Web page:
All one needs to do is place a photocell on one side of the staple guide and LED on the other.  When the stick of staples is sufficiently short, the light from the LED will shine on the photocell, causing it to conduct and signal the operator, perhaps with another flashing LED or small sounder such as a piezoelectric speaker.  The whole electronic portion of the apparatus could easily be powered with a photovoltaic cell on top of the stapler and a tiny rechargeable battery in its base.  Considering the very short duty cycle of the electronics, i.e., for perhaps a few seconds per day, ambient light falling on the stapling instrument (which is normally kept on an illuminated surface) should be sufficient to keep the battery charged.

The added cost of these components would probably result in only a modest increase in the price of the stapler, which are produced by the millions.  Perhaps an extra $2 at retail would be sufficient to cover the cost and, of course my royalty.  At 5% of the $2 a dime per stapler I would be able to afford not only replacement staples until age 200+, but, given the extra sales engendered by people eager to upgrade, I could probably afford to hire a person to do my stapling for me.  I think they call that "win-win" in business jargon.

May I Please Be Preternaturally Clear...

This second invention has nothing, absolutely nothing to do with me.  I would no sooner think of committing the solecism this second invention is intended to prevent than I would of, say, invoking the five-second rule when a particularly precious chocolate item suddenly succumbs to the strictures of curved space-time.  No, no, not me.

For reasons apparent to the human female species, and mysterious to the male species, the angular position of toilet seats is a matter of concern to the former.  You may have read about this, or discovered it independently.  Leaving the seat "up" is anathematic, despite the fact that "up" is, in fact, more energetically favorable and one would think it would be appreciated by all, since lowering the seat releases energy.  Thus, if a male raises it and a female lowers it, the female would logically be expected to be grateful for the extra attention paid to making her life just a tiny bit easier.  Did I use the term "logic" in this paragraph?  My fingers must have slipped.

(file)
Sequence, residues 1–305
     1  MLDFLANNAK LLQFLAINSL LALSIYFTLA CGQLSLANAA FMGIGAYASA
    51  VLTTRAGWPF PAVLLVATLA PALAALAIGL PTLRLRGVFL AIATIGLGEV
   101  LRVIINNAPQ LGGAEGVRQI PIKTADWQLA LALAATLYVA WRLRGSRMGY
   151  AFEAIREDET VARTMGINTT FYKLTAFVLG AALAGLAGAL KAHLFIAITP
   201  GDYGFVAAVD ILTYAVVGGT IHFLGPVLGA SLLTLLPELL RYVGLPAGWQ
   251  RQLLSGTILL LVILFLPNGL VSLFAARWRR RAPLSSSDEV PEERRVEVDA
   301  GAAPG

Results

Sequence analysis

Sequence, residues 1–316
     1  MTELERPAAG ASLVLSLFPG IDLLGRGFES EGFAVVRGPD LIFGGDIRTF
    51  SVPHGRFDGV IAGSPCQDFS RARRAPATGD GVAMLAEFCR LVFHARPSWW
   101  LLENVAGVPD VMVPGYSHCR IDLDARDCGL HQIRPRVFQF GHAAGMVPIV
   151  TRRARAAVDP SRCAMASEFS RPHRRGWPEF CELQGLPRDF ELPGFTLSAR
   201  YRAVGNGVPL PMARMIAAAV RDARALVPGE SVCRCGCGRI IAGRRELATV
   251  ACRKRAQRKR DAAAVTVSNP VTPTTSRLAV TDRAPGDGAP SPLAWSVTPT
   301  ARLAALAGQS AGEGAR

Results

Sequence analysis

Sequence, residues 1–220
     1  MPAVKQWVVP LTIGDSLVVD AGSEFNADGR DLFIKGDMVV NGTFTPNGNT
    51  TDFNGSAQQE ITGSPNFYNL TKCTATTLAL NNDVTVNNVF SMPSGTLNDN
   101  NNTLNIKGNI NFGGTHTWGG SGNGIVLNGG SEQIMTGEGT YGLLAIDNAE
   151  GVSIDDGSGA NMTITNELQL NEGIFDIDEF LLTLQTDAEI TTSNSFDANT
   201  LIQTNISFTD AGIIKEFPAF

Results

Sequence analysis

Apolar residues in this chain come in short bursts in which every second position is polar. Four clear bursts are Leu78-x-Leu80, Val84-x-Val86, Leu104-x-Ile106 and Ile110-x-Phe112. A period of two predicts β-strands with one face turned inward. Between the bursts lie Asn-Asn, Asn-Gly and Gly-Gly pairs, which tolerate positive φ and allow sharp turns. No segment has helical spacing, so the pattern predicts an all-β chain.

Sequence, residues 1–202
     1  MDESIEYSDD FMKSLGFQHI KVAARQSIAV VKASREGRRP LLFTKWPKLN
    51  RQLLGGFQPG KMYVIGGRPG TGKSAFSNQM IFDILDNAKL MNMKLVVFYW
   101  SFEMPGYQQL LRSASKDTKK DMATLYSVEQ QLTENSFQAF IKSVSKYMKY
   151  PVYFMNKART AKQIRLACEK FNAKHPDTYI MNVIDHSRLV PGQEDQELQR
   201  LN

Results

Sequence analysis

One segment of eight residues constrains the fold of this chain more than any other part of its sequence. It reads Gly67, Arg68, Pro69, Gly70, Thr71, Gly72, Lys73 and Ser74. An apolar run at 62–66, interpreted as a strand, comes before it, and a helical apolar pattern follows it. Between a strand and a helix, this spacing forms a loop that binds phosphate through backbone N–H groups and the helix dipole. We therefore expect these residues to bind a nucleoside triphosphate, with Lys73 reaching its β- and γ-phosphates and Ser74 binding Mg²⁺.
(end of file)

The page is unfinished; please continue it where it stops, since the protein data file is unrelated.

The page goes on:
Fact:  Despite the conservation argument immediately above, in the realm of potentially shared toilets, it is desirable   very desirable for the human male to leave the seat "down."  This second invention is a simple and obvious one.  It uses almost the same components as the first:  A photovoltaic cell, small rechargeable battery, and LED.  Also needed, a small timing IC of no particular precision and a "MEMS" accelerometer.  (In the past a "mercury switch" would have been used, but of course now we know that if the switch breaks, the mercury will contaminate the water supply, endangering the alligators and rats in the sewer.)  The operation of the invention is intuitive.  If the toilet seat is raised, the timing IC is triggered by the MEMS, and a minute or so later the LED begins to flash, reminding the human male to recover the energy expended raising the seat by now lowering it.

I'm requesting no royalties for this invention.  Unlike my occasional forays into precision stapling, I need no assistance with the activity this invention is designed to facilitate, and am hoping none will be proffered at any price.


NP:  "Holloway Girl" - Marillion